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Ultrasonic Welding

Ultrasonic welding involves the use of high frequency sound energy to soften or melt the thermoplastic at the joint. Parts to be joined are held together under pressure and are then subjected to ultrasonic vibrations usually at a frequency of 20, 30 or 40kHz. The ability to weld a component successfully is governed by the design of the equipment, the mechanical properties of the material to be welded and the design of the components.

The term 'wirebonding' is generally accepted to mean the interconnection (via wire) of components and conducting tracks. The most frequently used method of joining the wires is ultrasonic welding.
The process uses a combination of vibration and force to effectively scrub the interface between wire and substrate, causing a localised temperature rise, promoting the diffusion of molecules across the boundary. In the case of gold wire, substrate heating (100 to 150°C) is usually added to further encourage the migration of materials, this variation of the process being known as thermosonic bonding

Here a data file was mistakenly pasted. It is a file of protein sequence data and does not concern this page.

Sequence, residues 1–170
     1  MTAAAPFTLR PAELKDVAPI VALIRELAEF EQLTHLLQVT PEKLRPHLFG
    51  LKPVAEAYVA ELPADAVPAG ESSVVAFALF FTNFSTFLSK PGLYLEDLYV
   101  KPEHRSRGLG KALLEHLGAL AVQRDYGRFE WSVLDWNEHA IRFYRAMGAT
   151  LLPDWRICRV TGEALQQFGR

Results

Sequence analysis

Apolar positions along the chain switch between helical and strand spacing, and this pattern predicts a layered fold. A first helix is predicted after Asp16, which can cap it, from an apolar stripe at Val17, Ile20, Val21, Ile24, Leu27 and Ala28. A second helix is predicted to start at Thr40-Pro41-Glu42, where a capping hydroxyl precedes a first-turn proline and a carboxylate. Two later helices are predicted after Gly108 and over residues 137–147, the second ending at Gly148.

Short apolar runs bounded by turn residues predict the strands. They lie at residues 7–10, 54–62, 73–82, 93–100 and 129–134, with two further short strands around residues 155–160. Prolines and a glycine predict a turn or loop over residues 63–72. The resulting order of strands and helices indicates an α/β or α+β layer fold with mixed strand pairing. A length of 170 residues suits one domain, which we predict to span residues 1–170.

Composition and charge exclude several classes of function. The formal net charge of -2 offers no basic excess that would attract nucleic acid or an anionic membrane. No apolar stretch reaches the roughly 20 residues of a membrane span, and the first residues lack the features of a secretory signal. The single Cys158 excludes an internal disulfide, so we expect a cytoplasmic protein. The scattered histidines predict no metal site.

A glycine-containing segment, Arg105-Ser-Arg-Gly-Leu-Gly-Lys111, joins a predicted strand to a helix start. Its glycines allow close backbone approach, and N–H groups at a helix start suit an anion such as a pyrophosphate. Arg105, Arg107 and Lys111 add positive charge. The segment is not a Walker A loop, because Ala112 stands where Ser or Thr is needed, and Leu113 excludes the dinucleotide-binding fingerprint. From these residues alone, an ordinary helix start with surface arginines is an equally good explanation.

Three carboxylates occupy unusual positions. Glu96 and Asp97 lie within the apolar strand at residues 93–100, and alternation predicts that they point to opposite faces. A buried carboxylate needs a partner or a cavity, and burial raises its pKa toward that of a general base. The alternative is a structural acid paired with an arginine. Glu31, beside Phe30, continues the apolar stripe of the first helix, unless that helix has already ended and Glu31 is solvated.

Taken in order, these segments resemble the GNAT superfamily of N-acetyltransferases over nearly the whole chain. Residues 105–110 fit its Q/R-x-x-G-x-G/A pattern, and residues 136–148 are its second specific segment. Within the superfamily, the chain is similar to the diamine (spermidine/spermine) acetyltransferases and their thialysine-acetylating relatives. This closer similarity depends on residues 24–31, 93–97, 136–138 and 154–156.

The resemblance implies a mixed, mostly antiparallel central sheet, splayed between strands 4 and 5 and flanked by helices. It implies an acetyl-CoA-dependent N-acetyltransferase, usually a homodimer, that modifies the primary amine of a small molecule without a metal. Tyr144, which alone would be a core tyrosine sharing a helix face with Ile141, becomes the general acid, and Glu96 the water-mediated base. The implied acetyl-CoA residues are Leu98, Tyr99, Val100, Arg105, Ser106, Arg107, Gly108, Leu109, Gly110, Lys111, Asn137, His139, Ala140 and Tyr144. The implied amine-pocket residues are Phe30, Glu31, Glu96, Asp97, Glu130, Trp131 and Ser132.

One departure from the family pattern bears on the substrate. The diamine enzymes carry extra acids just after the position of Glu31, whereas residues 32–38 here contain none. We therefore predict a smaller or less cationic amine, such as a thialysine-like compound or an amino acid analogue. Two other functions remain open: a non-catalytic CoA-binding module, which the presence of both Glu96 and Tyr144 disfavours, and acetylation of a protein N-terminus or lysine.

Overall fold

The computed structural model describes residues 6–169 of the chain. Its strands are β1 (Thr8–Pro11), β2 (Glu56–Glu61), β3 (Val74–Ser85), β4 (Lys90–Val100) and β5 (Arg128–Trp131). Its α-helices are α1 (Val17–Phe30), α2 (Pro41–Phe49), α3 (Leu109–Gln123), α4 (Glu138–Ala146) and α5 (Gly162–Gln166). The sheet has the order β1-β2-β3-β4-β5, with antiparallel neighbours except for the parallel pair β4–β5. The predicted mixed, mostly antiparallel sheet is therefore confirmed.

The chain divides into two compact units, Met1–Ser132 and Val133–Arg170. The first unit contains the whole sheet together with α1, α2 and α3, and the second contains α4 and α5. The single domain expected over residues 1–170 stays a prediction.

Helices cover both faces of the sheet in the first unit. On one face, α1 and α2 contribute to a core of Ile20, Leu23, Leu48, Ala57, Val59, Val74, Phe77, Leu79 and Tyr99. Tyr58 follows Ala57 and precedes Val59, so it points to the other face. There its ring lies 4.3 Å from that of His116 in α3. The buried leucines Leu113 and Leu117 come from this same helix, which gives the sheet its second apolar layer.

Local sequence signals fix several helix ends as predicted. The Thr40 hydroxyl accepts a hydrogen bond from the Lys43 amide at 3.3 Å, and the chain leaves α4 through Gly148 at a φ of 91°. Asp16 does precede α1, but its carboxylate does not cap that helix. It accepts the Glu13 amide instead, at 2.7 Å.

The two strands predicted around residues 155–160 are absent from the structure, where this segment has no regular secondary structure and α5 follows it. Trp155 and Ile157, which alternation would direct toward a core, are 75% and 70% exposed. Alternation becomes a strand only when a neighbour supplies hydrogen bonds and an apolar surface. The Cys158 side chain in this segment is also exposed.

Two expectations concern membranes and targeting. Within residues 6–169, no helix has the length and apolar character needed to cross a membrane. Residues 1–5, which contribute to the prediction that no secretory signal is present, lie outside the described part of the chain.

TWI's three decades of in-depth experience in all areas of ultrasonic inspection has made it an acknowledged world-leader. Among its notable achievements is the development of novel technology for long-range detection of corrosion under insulation in process pipework. Recent project work has included:

  • inspection of critical adhesive bonds in flight simulators
  • development of inspection procedures for copper welds in waste nuclear fuel canisters
  • monitoring of flaws in pressure vessels operating at high temperature
  • optimisation of automated test procedures for welds in stainless steels

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Ultrasonics Welding